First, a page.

The speech catapulted the reverend into the national spotlight and made him one of the front-runners in the Civil Rights Movement.
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A Quarter Million People And A Dream
On August 28, 1963, more than a quarter million people participated in the historic March on Washington for Jobs and Freedom, gathering near the Lincoln Memorial.
More than 3,000 members of the press covered this historic march, where Rev. Dr. Martin Luther King, Jr. delivered the exalted “I Have a Dream” speech.
Originally conceived by renowned labor leader A. Phillip Randolph and Roy Wilkins, Executive Secretary of the NAACP, the March on Washington evolved into a collaborative effort amongst major civil rights groups and icons of the day.
Stemming from a rapidly growing tide of grassroots support and outrage over the nation’s racial inequities, the rally drew over 260,000 people from across the nation.
Celebrated as one of the greatest if not the greatest speech of the 20th century, Dr. King’s celebrated speech, “I Have a Dream,” was carried live by television stations across the country. You can read the full speech and watch a short film, below.
Dr Martin Luther King Jr August 28 1963 Lincoln Memorial In Washington Dc
I am happy to join with you today in what will go down inhistory as the greatest demonstration for freedom in the historyof our nation.
Five score years ago a great American in whose symbolic shadowwe stand today signed the Emancipation Proclamation. Thismomentous decree came as a great beckoning light of hope tomillions of Negro slaves who had been seared in the flames ofwithering injustice. It came as a joyous daybreak to end the longnight of their captivity.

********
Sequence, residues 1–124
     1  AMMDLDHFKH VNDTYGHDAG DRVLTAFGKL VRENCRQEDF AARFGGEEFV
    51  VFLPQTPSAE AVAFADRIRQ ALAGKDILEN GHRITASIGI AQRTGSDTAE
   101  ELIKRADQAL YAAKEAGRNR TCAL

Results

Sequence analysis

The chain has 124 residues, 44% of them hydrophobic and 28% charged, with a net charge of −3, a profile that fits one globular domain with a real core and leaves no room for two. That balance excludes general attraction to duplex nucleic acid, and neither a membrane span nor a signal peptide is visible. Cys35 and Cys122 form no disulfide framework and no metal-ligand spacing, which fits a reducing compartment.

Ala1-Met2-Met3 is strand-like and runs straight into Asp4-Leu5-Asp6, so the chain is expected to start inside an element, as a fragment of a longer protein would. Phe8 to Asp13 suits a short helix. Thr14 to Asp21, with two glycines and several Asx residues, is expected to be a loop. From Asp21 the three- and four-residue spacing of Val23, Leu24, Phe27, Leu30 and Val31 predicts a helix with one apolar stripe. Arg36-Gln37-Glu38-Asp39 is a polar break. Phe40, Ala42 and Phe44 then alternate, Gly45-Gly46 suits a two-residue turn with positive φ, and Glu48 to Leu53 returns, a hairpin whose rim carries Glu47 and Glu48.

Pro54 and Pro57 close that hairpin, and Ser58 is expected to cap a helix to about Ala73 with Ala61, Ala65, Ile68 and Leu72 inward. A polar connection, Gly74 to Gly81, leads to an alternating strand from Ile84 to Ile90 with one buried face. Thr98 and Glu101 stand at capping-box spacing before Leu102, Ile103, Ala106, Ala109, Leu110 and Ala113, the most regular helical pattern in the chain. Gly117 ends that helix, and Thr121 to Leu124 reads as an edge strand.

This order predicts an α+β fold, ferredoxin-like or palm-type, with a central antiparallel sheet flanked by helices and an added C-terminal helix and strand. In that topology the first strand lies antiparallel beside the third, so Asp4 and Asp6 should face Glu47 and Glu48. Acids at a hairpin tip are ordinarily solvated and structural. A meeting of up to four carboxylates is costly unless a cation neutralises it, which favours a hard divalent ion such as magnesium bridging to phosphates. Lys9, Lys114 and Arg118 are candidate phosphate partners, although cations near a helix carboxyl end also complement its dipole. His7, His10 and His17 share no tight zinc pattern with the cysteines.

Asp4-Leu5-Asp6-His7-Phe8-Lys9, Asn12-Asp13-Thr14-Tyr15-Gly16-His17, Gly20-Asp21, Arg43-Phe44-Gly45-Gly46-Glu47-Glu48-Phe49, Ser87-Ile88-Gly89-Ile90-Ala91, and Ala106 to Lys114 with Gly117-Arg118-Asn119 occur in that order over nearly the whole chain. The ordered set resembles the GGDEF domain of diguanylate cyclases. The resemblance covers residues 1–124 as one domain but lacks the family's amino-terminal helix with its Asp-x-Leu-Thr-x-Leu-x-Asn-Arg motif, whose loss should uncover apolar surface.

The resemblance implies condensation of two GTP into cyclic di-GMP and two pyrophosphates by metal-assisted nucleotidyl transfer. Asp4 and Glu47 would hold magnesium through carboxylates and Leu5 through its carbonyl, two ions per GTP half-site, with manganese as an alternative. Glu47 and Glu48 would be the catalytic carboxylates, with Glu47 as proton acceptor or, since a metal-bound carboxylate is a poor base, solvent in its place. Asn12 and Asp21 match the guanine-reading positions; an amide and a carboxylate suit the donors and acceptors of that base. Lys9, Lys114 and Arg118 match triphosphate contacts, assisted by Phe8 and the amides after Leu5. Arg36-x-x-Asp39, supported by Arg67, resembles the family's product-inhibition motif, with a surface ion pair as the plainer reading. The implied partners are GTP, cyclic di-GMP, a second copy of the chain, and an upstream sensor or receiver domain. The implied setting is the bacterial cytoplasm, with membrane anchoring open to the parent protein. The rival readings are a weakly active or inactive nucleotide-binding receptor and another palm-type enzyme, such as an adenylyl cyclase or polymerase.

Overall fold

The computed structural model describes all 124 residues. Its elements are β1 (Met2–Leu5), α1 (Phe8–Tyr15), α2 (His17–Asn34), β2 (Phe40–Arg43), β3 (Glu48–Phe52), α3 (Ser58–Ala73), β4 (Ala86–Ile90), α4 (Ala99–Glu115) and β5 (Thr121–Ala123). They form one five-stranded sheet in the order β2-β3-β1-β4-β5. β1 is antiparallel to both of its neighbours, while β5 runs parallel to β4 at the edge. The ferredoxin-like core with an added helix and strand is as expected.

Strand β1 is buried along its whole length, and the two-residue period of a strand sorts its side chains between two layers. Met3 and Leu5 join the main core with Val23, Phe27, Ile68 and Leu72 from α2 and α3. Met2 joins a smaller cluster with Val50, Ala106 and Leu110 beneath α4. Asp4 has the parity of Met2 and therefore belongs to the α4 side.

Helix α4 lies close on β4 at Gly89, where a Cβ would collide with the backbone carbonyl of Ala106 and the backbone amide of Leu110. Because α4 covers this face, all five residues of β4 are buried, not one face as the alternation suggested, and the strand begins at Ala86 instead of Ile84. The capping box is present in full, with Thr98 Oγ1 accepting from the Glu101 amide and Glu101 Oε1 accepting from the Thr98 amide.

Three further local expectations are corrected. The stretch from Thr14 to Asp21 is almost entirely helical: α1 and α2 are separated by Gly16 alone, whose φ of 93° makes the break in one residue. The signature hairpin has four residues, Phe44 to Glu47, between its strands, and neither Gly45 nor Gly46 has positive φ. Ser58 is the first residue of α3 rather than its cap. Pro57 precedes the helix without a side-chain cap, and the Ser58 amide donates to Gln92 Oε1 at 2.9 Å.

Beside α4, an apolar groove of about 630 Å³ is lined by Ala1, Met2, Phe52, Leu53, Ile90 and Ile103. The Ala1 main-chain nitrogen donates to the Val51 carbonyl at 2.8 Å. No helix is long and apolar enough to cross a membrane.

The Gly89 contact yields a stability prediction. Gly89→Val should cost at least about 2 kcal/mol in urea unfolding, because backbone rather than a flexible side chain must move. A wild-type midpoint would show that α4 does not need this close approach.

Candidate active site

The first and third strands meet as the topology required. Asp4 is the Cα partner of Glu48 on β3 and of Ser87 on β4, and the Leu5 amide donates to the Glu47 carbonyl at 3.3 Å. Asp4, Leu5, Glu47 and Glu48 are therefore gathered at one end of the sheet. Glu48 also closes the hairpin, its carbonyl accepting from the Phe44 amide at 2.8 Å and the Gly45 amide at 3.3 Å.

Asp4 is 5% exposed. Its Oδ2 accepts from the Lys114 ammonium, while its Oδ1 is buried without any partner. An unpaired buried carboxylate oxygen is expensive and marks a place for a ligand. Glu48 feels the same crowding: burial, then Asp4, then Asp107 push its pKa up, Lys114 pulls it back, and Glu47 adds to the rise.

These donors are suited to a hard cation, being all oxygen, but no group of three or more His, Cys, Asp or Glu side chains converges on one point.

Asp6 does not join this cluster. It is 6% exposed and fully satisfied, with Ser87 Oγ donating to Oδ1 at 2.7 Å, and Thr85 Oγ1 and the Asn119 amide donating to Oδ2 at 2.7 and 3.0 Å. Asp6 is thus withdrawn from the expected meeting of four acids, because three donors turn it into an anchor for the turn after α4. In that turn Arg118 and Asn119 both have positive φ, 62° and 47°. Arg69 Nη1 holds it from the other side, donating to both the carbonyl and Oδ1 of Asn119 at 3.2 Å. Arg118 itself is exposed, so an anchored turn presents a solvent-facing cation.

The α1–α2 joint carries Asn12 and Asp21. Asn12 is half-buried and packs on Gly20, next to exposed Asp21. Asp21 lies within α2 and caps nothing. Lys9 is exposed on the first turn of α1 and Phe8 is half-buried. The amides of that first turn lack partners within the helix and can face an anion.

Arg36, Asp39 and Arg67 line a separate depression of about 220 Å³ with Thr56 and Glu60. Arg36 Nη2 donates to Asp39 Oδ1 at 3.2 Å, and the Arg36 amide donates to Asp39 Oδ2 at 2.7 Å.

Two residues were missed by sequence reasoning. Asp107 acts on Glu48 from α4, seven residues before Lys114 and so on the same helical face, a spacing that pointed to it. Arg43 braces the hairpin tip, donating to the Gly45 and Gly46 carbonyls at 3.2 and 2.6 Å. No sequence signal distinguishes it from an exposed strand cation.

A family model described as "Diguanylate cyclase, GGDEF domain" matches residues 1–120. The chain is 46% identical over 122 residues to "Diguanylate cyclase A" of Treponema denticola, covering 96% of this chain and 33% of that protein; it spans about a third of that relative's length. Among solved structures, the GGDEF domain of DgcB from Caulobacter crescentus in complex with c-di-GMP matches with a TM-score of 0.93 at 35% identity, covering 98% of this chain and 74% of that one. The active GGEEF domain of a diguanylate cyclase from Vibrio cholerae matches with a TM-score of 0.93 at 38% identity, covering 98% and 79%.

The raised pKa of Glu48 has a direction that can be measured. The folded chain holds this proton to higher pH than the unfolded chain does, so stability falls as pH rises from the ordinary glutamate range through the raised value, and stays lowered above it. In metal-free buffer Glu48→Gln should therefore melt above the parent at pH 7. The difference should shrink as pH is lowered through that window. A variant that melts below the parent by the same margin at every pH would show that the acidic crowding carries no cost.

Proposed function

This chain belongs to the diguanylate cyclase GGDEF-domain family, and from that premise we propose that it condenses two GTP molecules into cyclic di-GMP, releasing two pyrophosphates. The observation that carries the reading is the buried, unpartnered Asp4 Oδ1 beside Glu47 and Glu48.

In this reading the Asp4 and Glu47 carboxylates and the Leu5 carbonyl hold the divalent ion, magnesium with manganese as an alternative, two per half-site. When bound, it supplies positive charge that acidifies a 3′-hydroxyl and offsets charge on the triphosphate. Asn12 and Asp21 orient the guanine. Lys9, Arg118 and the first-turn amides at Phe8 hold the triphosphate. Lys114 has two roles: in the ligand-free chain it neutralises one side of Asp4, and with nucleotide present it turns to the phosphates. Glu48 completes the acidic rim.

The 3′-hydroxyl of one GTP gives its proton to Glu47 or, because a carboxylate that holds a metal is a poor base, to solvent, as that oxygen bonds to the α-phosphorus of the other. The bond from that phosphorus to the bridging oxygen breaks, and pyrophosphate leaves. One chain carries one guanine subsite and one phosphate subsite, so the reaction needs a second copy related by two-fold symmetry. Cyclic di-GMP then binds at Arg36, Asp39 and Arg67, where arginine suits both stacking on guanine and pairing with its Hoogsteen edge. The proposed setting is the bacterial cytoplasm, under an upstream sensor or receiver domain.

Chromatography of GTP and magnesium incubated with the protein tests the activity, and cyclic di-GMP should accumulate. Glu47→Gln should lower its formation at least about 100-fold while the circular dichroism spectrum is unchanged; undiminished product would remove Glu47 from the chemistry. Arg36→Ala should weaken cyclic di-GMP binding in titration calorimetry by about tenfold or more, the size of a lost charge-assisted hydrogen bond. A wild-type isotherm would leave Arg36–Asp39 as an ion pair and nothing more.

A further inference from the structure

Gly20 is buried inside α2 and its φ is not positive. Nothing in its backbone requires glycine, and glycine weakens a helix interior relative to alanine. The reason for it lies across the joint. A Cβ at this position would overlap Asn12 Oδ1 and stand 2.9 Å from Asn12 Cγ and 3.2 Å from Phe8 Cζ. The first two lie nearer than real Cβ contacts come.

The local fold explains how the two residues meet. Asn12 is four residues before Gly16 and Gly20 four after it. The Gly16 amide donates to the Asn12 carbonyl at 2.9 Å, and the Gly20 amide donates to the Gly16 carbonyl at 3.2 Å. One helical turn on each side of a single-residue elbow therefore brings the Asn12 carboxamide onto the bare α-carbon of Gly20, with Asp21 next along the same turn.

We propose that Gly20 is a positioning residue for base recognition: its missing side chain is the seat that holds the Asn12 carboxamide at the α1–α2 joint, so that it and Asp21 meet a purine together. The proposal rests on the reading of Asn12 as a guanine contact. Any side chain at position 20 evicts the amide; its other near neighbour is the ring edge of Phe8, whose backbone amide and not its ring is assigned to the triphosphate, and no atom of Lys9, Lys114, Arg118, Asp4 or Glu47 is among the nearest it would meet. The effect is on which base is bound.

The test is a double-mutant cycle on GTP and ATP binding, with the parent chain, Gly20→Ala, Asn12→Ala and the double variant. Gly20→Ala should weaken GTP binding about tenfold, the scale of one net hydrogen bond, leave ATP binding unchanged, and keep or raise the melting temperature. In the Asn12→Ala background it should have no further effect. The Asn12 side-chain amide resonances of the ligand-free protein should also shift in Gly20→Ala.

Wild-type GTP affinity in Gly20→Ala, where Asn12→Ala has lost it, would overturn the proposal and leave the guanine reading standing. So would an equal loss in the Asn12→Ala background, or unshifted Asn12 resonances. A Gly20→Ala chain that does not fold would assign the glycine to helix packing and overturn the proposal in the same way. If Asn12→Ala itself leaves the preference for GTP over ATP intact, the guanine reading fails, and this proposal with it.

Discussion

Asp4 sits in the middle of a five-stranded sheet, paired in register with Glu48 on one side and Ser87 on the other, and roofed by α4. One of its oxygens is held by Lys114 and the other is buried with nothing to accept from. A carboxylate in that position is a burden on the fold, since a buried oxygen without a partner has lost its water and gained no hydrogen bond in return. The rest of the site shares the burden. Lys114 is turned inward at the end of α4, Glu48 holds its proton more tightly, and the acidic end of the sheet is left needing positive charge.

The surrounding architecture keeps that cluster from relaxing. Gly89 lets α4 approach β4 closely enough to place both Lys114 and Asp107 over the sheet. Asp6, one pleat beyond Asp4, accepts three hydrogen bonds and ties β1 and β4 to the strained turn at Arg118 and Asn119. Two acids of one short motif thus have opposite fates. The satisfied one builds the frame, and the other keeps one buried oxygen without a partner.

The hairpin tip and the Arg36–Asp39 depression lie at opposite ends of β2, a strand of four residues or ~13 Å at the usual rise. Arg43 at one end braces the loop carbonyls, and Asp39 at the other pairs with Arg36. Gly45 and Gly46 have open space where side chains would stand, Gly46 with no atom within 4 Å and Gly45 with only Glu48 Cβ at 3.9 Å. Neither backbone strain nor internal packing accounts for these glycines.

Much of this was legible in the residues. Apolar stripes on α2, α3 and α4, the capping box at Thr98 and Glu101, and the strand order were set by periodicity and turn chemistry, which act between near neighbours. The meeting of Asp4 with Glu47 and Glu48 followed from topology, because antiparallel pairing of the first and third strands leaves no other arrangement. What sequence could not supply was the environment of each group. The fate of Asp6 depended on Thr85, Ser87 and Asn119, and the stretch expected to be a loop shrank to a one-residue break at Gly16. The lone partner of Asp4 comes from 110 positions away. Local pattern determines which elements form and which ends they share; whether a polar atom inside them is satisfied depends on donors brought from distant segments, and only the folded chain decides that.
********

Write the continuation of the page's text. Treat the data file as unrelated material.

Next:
But one hundred years later the Negro is still not free. Onehundred years later the life of the Negro is still sadly crippledby the manacles of segregation and the chains of discrimination.
One hundred years later the Negro lives on a lonely island ofpoverty in the midst of a vast ocean of material prosperity.
One hundred years later the Negro is still languishing in thecomers of American society and finds himself in exile in his ownland.
We all have come to this hallowed spot to remind America ofthe fierce urgency of now. Now is the time to rise from the darkand desolate valley of segregation to the sunlit path of racialjustice. Now is the time to change racial injustice to the solidrock of brotherhood. Now is the time to make justice ring out forall of God’s children.
There will be neither rest nor tranquility in America untilthe Negro is granted citizenship rights.
So even though we face the difficulties of today and tomorrowI still have a dream. It is a dream deeply rooted in the Americandream.
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Reflecting on his life that stormy night in Memphis, King considered a panoramic view of the past. If God asked him what period in history he would like to live in, King thought about visiting Egypt and witnessing his people cross the Red Sea. He imagined going to Greece and visiting Mt. Olympus where he could see the great philosophers such as Plato, Aristotle, Socrates, Euripides and Aristophanes assembled around the Parthenon.
But, he said, he would not stop there. He would also visit the Roman Empire, the Renaissance period and seek out Martin Luther as he tacked his ninety-five theses on the door at the church of Wittenberg. Again, King would not stop there, he would move on to the United States in the year 1863 when Abraham Lincoln signed the Emancipation Proclamation. Finally, he asked God to allow him to see some of the second half of the 20th century. It was to be his final sermon. The next day, he was shot dead.
Robert Abbott Sengstacke/Getty Images
From my mountaintop, I see a generation of children who want the equality King dreamed of and a world where justice stamps out hatred, bigotry and poverty. On my mountaintop, I cannot help but acknowledge the storms weve made it through and give thanks for the lessons learned along the way. From King, I recognize that in order to enjoy the view from the top, we cannot bypass the struggle it took to get there. King had been to the mountaintop and he was hopeful for a better tomorrow.